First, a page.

The network system 10 includes the network comprising at least a local area network (LAN) switch 20 connected to an authentication server 18. The system 10 also includes one or more network edge devices 22, such as wireless access points (APs) that are also connected to the LAN switch 20.

The network can also include other networking components (not shown), such as gateways, routers, additional servers hosting a variety of different applications, as well as links to other networks, such as an enterprise intranet or the public Internet.

The network components 18,20 can communicate with one another using any suitable access mechanism, such as SNMP, telnet, TCP/IP, HTTP or the like. Any suitable data network can be used to connect the components 18,20, such as a conventional Ethernet network.

The network switch 20 preferably communicates with the edge devices 22 over an Ethernet network.

The edge devices 22 can be any electronic network devices capable of communicating with the LAN switch 20 and including the features of the invention as described herein. The exemplary system 10 illustrates the devices 22 as being wireless APs. The edge devices 22 can also be wired devices that communicate with end user devices 14 over wired networks (not shown) instead of wireless channels.

Each edge device 22 includes a network interface (NI) 23, a boot ROM (read only memory) 24, and a volatile memory 26. The network interface 23 can be any suitable component for permitting network communication between the LAN switch 20 and the device 22, and is preferably a commercially-available Ethernet card. The boot ROM 24 can be any programmable ROM device, such as a flash or EEPROM (electrically erasable programmable read only memory), for storing a bootstrap program at the device 22. The volatile memory can be any suitable type of memory device that is erased when the device 22 is disconnected from the LAN switch 20. For example, the volatile memory 26 can be a dynamic random access memory (DRAM), which is erased when it loses power.

The edge device can also include a central processing unit (CPU) (not shown), such as a commercially-available microprocessor, for executing the bootstrap program as well as any software images and applications downloaded from the network 11. The CPU can be connected to boot ROM 24, memory 26, and NI 23. It can also control the NI 23.

Where the edge device 22 is a wireless AP, it can provide network access to one or more wireless end user devices 14, such as personal computers, laptops, PDAs, phones or the like. The end user devices 14 and the AP can communicate using a conventional wireless protocol, such as a WiFi protocol based on one of the IEEE 802.11 standards.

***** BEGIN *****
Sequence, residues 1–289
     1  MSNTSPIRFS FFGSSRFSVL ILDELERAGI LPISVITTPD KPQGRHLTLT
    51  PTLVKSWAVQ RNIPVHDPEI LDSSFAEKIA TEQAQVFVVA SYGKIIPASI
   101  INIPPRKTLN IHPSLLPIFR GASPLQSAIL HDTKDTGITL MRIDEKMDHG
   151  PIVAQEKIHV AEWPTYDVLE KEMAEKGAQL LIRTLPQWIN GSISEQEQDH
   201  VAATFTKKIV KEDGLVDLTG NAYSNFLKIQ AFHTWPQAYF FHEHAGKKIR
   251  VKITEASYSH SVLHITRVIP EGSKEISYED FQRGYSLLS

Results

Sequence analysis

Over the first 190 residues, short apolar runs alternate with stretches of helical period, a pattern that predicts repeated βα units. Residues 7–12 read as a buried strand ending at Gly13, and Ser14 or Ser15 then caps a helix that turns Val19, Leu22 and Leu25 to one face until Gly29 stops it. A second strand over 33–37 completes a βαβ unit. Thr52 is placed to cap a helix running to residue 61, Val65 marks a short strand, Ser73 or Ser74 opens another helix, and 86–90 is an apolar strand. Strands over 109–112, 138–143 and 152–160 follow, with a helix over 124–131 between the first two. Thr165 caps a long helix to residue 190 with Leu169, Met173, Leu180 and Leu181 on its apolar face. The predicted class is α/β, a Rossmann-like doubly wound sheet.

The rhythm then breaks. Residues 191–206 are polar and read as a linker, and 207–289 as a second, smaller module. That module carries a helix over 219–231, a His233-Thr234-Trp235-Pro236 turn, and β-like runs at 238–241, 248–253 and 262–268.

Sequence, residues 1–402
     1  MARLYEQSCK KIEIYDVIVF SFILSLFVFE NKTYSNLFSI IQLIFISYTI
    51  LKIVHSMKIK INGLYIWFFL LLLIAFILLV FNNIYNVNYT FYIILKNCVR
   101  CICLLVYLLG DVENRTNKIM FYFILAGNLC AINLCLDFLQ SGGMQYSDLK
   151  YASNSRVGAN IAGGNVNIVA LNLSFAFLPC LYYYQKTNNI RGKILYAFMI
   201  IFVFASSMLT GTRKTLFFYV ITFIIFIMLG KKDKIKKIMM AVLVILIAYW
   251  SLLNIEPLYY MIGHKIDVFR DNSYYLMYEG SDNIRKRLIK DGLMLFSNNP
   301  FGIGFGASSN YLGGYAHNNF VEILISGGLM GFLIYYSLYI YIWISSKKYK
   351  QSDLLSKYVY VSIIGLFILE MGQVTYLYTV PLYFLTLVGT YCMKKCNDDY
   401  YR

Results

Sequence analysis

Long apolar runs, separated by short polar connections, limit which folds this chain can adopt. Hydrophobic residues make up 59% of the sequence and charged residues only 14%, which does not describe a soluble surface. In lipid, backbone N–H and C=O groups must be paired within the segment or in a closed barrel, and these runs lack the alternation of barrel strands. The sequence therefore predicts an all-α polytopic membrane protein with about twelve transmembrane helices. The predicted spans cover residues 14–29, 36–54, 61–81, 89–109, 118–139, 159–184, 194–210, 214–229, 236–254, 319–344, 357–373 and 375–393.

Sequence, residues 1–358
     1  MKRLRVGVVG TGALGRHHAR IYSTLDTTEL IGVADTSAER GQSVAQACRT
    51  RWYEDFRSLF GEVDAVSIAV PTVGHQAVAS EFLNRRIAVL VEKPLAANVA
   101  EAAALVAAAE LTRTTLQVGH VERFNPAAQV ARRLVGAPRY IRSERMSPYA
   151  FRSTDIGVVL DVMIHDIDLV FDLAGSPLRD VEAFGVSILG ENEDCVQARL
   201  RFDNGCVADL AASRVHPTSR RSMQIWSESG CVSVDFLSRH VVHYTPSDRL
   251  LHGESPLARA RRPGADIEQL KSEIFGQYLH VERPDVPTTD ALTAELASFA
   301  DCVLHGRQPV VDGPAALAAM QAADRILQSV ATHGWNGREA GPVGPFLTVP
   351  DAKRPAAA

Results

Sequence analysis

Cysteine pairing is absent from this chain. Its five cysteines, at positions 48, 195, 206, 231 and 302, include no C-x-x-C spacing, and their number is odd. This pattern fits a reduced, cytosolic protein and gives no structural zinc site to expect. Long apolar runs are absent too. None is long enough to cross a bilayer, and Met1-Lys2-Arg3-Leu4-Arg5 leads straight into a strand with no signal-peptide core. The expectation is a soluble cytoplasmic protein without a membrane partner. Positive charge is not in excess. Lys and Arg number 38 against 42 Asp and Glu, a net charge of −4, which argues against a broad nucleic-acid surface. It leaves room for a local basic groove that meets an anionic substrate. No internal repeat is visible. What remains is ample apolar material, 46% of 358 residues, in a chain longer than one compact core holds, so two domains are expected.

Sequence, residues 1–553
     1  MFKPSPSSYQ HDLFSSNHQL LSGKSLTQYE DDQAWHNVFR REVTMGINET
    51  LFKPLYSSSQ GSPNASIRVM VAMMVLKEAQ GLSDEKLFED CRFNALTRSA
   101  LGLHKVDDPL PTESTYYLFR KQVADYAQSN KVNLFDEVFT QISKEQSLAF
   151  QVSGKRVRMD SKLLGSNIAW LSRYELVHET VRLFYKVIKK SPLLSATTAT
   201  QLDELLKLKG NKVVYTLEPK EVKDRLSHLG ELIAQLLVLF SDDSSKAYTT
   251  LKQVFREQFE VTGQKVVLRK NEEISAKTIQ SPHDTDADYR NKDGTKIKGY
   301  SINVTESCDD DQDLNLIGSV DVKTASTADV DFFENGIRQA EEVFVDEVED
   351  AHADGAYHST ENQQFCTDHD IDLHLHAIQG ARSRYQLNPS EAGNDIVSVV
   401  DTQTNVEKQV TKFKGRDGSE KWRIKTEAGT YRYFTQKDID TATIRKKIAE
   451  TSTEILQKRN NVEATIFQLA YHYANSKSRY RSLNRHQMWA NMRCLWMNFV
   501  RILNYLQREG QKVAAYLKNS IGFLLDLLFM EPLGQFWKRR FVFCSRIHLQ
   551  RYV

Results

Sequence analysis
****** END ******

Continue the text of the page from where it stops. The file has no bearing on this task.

The user devices 14 can also be voice over IP phones that can have access to the network 11 via the edge devices 22. The voice over IP phones can be configured to download the images and configuration data from the switch 20 and through the edge devices 22. The voice over IP phones can store the configuration data and images in volatile memory so that when they are powered down or lose the signal from the edge devices 22, the configuration data and images are erased.

Before being connected to the LAN switch 20, the edge devices 22 are not fully functional. They lack a runtime device image (software) and configuration information that is required for them to be fully operational. This software and information is stored on the switch 20 in the network 11 and downloaded to the devices 22 when they are connected to the switch 20. This bootup procedure is described more fully below, in connection with FIG. 3.

The LAN switch 20 is a CPU-based network switch having interface cards, memory, and a real-time kernel and operating system (OS) for executing one or more software applications to support networked Ethernet communications and to perform in accordance with the various aspects of the invention disclosed herein. The real-time kernel and operating system (RTOS) can be VxWorks®, available from Wind River, Inc. of Alameda, Calif.

The LAN switch includes a conventional AgentX server 17, a trivial file transfer protocol (TFTP) server 16 and memory 33 for storing at least one access point (AP) software image 34, at least one AP bootrom image 36 and configuration data. The memory 33 storing the images 34,36 and data is preferably a conventional compact flash card, such as part no. W7B6064MIXG-T, available from Wintec.

The AP software images 34,36 and AP configuration data can be bundled with self-extracting switch software. During initialization of the switch 20, the bundled software can be loaded onto the switch 20. The bundled software can be compressed and wrapped so that it is self-extracting using a commercially-available software utility. When the bundled software is loaded onto the switch, the images 34,36 and configuration data are self-extracted and stored in the flash memory.

The compact flash memory has FAT16 file system structure on it. Thus, the AP image 34, AP bootrom 36, as well as other images and data can be stored as separate files on the compact flash file system. Using standard programming techniques, the flash file system can be registered with the VxWorks OS so that the files can be accessed by the OS and applications, such as the TFTP server 16, using standard OS calls.